Dr. Brittany Myburgh is Assistant Professor of Art History at Jackson State University. Her research is broadly concerned with the intersections of technology, society, cultures of exhibition, and modern art. Her dissertation Projected Visions examines the various ways in which light took center stage as a medium in the twentieth century.
Dissertation, “Projected Visions,” Supervised by Louis Kaplan, University of Toronto
“Projected Visions” explores electric light as a medium in twentieth and twenty-first century light art. Light art is a visual art that takes as its medium dynamic and real-time light. The dissertation discusses several light art practices to identify questions related to space, time, and perception that have been significant to the development and conceptualization of light as an artistic medium. It begins with an exploration of the careers and writings of early light artists László Moholy-Nagy and Thomas Wilfred, examining their use of projected light to create reflective viewing experiences. The dissertation further explores the legacies of these earlier light artists and the experiences that contemporary light artists intend to facilitate. It considers the ways in which contemporary artists, such as Olafur Eliasson and Robert Irwin, continue to employ light to provoke self-reflective, critical, and participatory viewing experiences.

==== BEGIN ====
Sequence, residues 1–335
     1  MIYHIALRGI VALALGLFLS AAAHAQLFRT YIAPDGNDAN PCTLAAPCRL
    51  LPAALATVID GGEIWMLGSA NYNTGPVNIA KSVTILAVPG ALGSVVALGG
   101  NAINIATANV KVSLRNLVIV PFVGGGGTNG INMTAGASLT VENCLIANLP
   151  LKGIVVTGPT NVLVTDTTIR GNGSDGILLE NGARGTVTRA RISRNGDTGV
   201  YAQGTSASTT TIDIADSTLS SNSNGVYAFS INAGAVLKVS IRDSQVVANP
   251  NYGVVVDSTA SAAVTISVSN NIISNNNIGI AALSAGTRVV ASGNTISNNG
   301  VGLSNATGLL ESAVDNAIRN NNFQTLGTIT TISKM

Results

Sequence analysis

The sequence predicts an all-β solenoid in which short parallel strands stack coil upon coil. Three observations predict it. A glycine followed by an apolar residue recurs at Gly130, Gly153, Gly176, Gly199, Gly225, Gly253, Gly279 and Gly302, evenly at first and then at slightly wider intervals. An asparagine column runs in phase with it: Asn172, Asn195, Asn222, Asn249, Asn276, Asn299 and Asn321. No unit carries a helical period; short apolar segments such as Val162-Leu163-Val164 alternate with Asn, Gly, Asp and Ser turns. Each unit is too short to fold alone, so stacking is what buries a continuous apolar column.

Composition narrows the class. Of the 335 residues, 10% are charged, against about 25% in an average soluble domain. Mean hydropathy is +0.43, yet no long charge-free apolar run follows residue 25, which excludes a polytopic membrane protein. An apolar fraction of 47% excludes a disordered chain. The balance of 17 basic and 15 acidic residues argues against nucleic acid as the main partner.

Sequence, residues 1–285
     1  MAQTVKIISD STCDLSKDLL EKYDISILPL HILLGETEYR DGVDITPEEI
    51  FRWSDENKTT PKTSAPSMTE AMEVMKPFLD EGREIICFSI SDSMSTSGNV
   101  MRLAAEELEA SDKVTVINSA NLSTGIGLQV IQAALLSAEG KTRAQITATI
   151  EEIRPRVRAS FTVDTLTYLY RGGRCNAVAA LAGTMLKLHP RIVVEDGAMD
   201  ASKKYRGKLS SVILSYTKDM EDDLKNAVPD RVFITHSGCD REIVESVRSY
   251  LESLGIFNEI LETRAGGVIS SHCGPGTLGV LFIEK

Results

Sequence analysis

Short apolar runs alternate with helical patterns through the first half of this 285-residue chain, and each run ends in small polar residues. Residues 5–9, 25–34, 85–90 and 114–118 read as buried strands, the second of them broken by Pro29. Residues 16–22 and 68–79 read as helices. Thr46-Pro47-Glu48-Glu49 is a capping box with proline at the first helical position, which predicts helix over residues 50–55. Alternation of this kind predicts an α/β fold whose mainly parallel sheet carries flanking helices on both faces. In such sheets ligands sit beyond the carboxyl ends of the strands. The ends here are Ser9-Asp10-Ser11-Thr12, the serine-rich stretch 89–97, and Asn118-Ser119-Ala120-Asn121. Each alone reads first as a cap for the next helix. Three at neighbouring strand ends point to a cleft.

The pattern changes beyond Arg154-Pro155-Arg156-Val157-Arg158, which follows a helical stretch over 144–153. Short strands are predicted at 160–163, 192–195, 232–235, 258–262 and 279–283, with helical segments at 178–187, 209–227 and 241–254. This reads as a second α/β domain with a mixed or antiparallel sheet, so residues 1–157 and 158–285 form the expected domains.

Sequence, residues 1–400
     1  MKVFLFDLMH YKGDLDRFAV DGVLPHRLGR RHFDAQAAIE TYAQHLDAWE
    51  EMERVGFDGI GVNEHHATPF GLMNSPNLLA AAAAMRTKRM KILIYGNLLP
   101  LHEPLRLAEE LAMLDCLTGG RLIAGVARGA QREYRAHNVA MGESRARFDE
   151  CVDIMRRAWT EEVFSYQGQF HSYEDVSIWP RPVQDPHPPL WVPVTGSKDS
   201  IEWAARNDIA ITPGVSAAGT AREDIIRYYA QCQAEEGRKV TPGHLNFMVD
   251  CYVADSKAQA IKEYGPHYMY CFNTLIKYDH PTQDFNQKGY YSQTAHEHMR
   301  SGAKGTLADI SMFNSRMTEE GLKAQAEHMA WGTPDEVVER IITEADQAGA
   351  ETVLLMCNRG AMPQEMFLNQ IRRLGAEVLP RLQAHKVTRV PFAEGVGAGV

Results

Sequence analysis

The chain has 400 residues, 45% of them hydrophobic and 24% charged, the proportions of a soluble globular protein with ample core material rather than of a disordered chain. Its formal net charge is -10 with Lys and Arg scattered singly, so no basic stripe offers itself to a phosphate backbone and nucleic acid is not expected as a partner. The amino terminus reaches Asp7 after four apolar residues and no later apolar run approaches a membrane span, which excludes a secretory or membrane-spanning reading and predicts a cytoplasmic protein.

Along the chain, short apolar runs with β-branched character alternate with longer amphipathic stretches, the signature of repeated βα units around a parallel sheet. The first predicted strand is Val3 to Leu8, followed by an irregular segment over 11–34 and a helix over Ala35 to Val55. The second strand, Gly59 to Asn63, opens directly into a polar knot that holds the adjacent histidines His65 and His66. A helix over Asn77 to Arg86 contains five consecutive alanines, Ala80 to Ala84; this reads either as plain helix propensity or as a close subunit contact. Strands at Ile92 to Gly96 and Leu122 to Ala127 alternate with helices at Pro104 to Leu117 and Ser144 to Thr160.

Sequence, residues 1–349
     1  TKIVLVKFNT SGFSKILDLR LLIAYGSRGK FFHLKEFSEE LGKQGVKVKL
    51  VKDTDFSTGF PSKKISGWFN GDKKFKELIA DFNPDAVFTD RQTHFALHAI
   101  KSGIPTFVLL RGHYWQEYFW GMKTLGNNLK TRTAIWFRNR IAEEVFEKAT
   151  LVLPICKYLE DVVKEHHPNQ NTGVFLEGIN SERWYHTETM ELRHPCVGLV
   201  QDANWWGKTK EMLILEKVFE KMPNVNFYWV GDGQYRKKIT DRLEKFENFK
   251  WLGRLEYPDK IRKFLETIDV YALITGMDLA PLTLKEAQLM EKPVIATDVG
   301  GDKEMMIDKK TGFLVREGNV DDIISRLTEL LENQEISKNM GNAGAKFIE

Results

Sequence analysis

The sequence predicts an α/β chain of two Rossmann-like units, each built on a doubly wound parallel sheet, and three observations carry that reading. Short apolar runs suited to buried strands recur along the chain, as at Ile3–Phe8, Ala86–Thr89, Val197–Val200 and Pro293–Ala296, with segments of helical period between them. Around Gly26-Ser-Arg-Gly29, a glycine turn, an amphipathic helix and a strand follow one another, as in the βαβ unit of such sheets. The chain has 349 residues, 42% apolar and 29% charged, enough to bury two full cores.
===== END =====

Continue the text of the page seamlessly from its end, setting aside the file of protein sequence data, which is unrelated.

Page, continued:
- Myburgh, B. “Waves of Exchange,” Navigating Visions of the Asia and Pacific Worlds: Proceedings of the Re:Locations Journal Conference vol. 1, no. 1, (2020): iii-xiii
- Efrat, L and B. Myburgh. “Seeing is Sensing.” ISEA, 2020. Forthcoming.
- Myburgh, B and E. Zhang. “The Royal Ontario Museum’s Asia-Pacific Collection.” Re:Locations: Journal of the Asia-Pacific World. Vol. 2, No. 1, (2019): p. 46-59.
- Myburgh, B. “Here and Now: Indigenous Canadian Perspectives and New Media in works by Ruben Komangapik, Kent Monkman and Adrian Duke.” Leonardo, Vol. 51, No. 4, (2018): p.394–98.
PhD, University of Toronto
MA, University of Toronto
BFA (Hons), University of Auckland, Elam School of Fine Arts
BA, University of Auckland, Art History and English Literature